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New options for lecture recording up for discussion with OIT

Drake University is close to making a decision about what the next generation of lecture capture will be on campus. Since Apple announced the end of Podcast Producer in August Drake has been searching for the technology to replace it. It is chiefly looking at technology to capture video and audio of lectures to be published on iTunes U and Blackboard. The search has come down to two companies: TechSmith and Panopto. A campus committee with representation from each college has been working toward a recommendation for the university.

The two finalist companies presented in Sussman Theater last week for two sessions of one hour each. The events were open to the public for feedback from students, faculty and staff. The audience members were asked to provide feedback on which technology would be best for the classroom environment. The committee plans to use the feedback from the participants to decide on their recommendation.

TechSmith focused on discussing how easy its product is to use. Panopto focused on its product’s flexibility. Both companies provide students with the ability to use the product, which gives professors another way to test students’ growth.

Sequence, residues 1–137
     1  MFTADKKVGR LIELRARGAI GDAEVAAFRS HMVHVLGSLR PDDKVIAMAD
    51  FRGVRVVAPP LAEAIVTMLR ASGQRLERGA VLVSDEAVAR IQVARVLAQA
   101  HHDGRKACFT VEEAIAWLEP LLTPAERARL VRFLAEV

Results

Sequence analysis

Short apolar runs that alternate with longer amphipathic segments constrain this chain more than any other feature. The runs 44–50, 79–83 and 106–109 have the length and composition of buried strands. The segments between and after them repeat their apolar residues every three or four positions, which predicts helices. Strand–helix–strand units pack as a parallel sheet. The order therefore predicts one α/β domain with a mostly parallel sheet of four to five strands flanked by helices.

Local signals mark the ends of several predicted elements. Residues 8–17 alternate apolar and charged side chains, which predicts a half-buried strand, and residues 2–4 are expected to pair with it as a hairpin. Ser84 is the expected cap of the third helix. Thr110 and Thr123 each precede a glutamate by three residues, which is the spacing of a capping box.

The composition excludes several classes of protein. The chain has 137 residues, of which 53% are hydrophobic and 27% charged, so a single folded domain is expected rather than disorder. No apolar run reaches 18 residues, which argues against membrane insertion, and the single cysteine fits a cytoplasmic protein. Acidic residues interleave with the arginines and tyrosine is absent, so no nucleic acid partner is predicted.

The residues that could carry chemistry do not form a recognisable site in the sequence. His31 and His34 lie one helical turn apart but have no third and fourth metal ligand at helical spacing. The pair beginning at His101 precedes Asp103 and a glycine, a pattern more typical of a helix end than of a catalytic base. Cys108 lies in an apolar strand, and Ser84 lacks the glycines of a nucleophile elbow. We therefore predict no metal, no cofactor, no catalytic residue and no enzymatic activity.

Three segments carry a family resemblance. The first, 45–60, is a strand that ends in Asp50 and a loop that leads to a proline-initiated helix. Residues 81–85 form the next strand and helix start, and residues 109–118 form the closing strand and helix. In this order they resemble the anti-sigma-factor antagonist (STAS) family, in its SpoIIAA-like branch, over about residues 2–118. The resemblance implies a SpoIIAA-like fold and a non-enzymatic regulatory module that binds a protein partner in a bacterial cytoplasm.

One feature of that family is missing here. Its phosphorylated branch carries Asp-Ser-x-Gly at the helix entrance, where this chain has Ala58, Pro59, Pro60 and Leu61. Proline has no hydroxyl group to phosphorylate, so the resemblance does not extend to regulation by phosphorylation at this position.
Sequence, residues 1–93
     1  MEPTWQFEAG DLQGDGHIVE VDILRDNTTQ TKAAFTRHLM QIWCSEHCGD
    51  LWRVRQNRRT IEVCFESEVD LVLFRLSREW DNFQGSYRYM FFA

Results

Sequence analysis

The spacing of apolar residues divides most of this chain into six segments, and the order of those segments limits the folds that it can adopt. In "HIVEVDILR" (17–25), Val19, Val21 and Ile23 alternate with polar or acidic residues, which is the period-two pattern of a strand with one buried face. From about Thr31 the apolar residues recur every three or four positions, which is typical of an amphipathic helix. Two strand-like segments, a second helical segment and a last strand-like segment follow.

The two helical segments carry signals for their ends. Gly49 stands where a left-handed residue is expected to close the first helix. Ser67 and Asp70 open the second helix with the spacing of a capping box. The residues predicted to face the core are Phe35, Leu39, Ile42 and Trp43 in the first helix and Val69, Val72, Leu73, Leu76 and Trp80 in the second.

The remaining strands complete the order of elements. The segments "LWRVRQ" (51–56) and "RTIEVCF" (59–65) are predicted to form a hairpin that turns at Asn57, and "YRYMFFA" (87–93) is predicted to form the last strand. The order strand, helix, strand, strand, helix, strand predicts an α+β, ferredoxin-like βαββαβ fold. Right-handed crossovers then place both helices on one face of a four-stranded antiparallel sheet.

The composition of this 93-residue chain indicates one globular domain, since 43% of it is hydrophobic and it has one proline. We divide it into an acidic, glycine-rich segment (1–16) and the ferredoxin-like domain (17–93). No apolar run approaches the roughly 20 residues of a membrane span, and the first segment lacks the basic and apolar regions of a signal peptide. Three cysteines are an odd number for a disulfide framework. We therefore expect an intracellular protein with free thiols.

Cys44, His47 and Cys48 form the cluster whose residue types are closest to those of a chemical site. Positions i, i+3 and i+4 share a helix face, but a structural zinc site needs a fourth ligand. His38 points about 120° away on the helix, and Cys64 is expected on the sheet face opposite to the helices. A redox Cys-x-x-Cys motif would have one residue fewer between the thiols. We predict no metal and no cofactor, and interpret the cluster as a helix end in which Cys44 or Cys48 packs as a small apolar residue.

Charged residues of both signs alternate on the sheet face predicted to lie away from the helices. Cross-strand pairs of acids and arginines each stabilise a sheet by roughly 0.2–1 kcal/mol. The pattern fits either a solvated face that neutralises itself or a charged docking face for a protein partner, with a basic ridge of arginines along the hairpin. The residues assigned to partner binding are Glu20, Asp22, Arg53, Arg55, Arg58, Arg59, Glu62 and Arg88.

“I could see reasons for students to record and upload content for professors to observe what they are able to do,” said Jean Hansen, online instructional designer for the School of Education. “I could see both of the tools we saw being used for that.”

TechSmith was founded in 1987 by William Hamilton, who remains the company’s president. The company is based out of Michigan.

“Our products are easy, flexible and affordable,” representatives of TechSmith said.

Panopto was founded in 2007 and has over 400 university clients to date. The company is based out of Pennsylvania.

“We tend to operate in a ‘capture everything’ mentality,” representatives of Panopto said.

Both companies also allow for simultaneous video and audio, and screen capture, which would allow, for example, a PowerPoint to be recorded along with a lecture. However, these technologies are versatile, and the campus community can envision other uses for them as well.

“Lecture capture would make capturing guest lecturers significantly easier,” Hansen said.

The final recommendation will be presented to Drake administration before the end of the fall semester.

“Each vendor offered unique solutions for Drake University and the committee feels either would be an excellent choice for deployment on campus,” said James McNab, multimedia producer for the Office of Information Technology.


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